On Dec. 6, with no committee hearings and no public comment period, Michigan’s Republican-led legislature rushed through a “right to work” law despite strong protests from the state’s union members. Republicans made the right-to-work measures immune to referendum by attaching a $1 million appropriation. State law forbids repealing spending bills through referendum.
“Right to work” legislation is a deceptive term because it has nothing to do with the demand for jobs. Such laws do not guarantee any rights; in fact, the laws limit rights, making it illegal to bargain union security agreements, a common feature of union contracts.
Michigan voters rejected an amendment to the state’s constitution in November that would have guaranteed organizing and collective bargaining rights for public and private sector employees. The rejection of this law is likely what emboldened the lame duck GOP-led legislature to enact the right to work law. The make up of January’s legislature would not have the votes to enact the anti-worker legislation.
Michigan is the 24th state to enact a right-to-work law. Thousands of union protestors have protested the passage of the bill. The law will ban any automatic payroll deductions of union dues.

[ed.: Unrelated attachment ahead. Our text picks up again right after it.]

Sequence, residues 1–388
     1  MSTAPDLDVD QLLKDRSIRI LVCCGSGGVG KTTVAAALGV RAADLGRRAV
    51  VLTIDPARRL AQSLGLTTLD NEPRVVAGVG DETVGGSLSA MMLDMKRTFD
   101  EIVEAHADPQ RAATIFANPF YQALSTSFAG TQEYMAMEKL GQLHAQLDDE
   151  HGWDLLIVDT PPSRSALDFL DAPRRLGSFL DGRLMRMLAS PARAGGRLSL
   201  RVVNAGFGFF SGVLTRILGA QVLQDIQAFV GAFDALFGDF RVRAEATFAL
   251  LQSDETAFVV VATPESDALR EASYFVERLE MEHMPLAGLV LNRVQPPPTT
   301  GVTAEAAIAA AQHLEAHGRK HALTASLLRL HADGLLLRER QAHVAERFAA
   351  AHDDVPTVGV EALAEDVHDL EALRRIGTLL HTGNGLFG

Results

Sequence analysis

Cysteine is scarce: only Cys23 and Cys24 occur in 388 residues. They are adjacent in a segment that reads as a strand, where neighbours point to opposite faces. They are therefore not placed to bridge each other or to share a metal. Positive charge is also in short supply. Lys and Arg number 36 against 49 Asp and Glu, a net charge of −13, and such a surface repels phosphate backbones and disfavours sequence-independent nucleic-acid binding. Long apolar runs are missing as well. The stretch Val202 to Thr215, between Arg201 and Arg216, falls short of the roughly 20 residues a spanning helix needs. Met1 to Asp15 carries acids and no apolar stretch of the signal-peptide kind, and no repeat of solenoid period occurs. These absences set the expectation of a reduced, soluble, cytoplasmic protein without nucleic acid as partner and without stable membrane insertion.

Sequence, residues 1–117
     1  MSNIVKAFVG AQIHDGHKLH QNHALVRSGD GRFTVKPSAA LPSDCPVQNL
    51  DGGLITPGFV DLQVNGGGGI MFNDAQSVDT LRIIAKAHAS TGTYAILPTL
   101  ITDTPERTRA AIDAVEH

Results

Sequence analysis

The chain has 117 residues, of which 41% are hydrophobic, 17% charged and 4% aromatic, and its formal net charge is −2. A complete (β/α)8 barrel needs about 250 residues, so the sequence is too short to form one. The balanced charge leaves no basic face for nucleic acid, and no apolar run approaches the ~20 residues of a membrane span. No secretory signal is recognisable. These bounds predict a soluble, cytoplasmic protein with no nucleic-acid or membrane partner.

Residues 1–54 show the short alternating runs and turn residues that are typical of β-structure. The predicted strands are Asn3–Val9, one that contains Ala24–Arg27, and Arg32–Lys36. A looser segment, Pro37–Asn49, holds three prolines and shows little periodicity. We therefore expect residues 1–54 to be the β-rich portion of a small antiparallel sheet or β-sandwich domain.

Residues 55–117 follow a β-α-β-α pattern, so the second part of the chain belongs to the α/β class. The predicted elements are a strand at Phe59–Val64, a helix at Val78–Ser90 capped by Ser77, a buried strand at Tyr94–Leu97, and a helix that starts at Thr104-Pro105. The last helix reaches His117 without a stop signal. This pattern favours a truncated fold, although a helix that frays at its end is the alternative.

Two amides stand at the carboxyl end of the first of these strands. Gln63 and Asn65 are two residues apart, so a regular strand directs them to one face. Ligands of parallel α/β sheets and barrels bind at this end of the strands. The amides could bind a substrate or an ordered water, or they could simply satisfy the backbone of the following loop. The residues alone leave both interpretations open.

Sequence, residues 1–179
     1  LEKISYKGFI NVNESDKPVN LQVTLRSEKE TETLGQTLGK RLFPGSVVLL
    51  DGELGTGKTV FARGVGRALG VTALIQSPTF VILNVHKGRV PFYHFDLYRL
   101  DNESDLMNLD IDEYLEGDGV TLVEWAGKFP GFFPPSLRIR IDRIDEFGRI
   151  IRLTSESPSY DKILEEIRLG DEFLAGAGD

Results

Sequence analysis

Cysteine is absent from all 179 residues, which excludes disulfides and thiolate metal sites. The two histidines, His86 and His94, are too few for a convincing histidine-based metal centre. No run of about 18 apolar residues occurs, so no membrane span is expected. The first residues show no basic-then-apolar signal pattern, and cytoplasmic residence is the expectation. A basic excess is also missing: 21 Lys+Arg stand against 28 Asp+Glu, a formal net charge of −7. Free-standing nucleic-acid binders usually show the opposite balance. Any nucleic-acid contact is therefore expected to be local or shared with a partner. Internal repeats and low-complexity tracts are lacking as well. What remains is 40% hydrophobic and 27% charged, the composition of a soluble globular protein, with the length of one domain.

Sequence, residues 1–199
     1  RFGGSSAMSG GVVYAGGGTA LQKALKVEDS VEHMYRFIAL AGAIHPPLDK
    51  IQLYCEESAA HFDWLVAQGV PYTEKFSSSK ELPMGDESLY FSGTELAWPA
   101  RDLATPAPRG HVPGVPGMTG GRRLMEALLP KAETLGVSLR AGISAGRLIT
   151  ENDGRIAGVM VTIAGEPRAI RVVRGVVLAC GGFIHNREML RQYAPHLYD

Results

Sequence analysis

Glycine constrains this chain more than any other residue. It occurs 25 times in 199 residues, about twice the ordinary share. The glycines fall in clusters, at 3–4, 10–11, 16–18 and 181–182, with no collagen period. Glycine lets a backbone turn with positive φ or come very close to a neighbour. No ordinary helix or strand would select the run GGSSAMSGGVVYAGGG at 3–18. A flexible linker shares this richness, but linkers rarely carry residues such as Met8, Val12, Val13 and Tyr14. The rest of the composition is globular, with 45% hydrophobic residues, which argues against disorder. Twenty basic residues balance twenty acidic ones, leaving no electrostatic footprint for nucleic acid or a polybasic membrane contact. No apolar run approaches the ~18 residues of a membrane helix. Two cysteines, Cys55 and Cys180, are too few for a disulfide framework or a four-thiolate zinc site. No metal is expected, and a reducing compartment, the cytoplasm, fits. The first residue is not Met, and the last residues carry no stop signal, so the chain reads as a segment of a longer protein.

"What this is really about is defunding unions," said Steve Cook, president of Michigan Education Association. "They're attacking the collective bargaining process. They want to force unions to basically have to provide services, benefits and the protections to non-members who will not pay a penny for them. It defunds unions. It cripples unions."
Unions are essentially declaring an all-out war on politicians who back right to work—including raising the possibility of recalling them from office.
Among those driving this bill through the Michigan House and Senate were Sen. Arlan Meekhoff, Rep. Tom McMillin, and Rep. Pete Lund, who are members of American Legislative Exchange Council. ALEC was the legislative force behind the union busting actions of Scott Walker in Wisconsin.
"They've awakened a sleeping giant," United Auto Workers President Bob King told the Associated Press. "Not just union members. A lot of regular citizens, non-union households, realize this is a negative thing."
Wages are lower in right-to-work states. An average worker in a right-to-work state earns about $7,131 a year less than workers in states where unions are free to bargain over union security. Right-to-work states also have higher poverty rates. According to calculations from the Bureau of Labor Statistics, the rate of workplace deaths is 41 percent higher in states with right-to-work laws, a reflection of a union voice that is weaker.
Michigan has been an established powerhouse of union strength for decades, but changes in the auto industry have undermined labor’s power. Concessions by labor have been seen as weakness and have led to more demands for more concessions in that industry.